Rock climbing as a threat to cliffs' biological diversity

Sharks worth much more alive than dead

Sharks worth much more alive than dead

Posted Tue, 03 May 2011 21:58:01 GMT by Ruth Hendry

A new study investigates the economic benefits of sharks. Shark hunting is rife, even in protected areas such as marine reserves. The result is the unsustainable slaughter of up to 73 million sharks every year, decimating shark populations and damaging marine ecosystems.

Sharks worth much more alive than dead

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Islands and their biodiversity

Posted Wed, 27 Apr 2016 20:20:00 GMT by Dave Armstrong

Feed the birds, but what about vultures?

Posted Fri, 22 Apr 2016 14:30:01 GMT by Paul Robinson

Dolphin calves born in the Mekong

Posted Mon, 11 Apr 2016 08:40:01 GMT by Dave Armstrong

To log or not to log: Poland’s forest legacy.

Posted Sat, 26 Mar 2016 13:15:00 GMT by JW Dowey

Helmeted hornbills lost to poaching for trinkets for China/Japan.

Posted Sat, 19 Mar 2016 12:31:01 GMT by JW Dowey

How fish may survive and even increase their populations

Posted Wed, 09 Mar 2016 09:05:00 GMT by JW Dowey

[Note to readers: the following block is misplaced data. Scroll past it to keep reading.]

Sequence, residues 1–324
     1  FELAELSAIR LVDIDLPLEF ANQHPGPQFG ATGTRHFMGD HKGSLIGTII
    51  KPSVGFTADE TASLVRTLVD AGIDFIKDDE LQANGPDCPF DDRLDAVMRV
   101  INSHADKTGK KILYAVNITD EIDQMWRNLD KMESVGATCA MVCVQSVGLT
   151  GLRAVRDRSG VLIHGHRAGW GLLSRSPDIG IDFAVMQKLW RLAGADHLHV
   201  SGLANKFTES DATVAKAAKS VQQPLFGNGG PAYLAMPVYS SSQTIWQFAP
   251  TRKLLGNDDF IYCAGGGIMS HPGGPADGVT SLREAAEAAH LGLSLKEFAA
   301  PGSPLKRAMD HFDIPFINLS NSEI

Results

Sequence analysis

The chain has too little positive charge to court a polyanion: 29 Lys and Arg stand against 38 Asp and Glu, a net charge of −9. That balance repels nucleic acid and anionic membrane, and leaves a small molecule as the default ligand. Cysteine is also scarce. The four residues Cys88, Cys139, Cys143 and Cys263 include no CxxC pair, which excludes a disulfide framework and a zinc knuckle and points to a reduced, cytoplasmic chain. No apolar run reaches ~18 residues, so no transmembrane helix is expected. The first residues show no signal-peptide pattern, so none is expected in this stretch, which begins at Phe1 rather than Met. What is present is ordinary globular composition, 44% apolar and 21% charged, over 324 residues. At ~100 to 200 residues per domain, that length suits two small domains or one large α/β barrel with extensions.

New Species of Rafflesia for Philippines.

Posted Mon, 29 Feb 2016 19:59:00 GMT by Paul Robinson

Raven-mad or just nutcrackers: mutualism among trees and crows.

Posted Fri, 05 Feb 2016 10:50:00 GMT by Dave Armstrong

Parrots that can't fly or breed

Posted Sun, 17 Jan 2016 15:57:00 GMT by Dave Armstrong

87 marine mammal species eaten in 114 countries since 1990

Posted Wed, 25 Jan 2012 13:29:28 GMT by Adrian Bishop

Russians join fight for sustainable fisheries

Posted Mon, 21 Mar 2011 08:22:00 GMT by Lucy Brake

IWC should have whale conservation as priority - WWF

Posted Mon, 11 Jul 2011 12:57:00 GMT by Martin Leggett

£100 million investment for UK river wildlife

Posted Wed, 13 Apr 2011 13:14:00 GMT by Laura Brown

Coral cover's deadly decline

Posted Mon, 10 Sep 2012 13:23:54 GMT by Dave Armstrong

Hope for the Javan Rhino

Posted Mon, 12 Sep 2011 16:20:01 GMT by Sharon Gill

Asian tiger numbers could triple

Posted Mon, 31 Jan 2011 10:07:00 GMT by Louise Murray

Are Conservation Groups Right to Prioritize 'Iconic' Species?

Posted Mon, 21 May 2012 14:26:34 GMT by David Hewitt

Botum Sakor National Park: A threatened haven of biodiversity

Posted Thu, 18 Aug 2011 16:08:00 GMT by Elise M. S. Belle

Help spot the invaders on British shores urges marine charity

Posted Fri, 19 Aug 2011 15:49:00 GMT by Colin Ricketts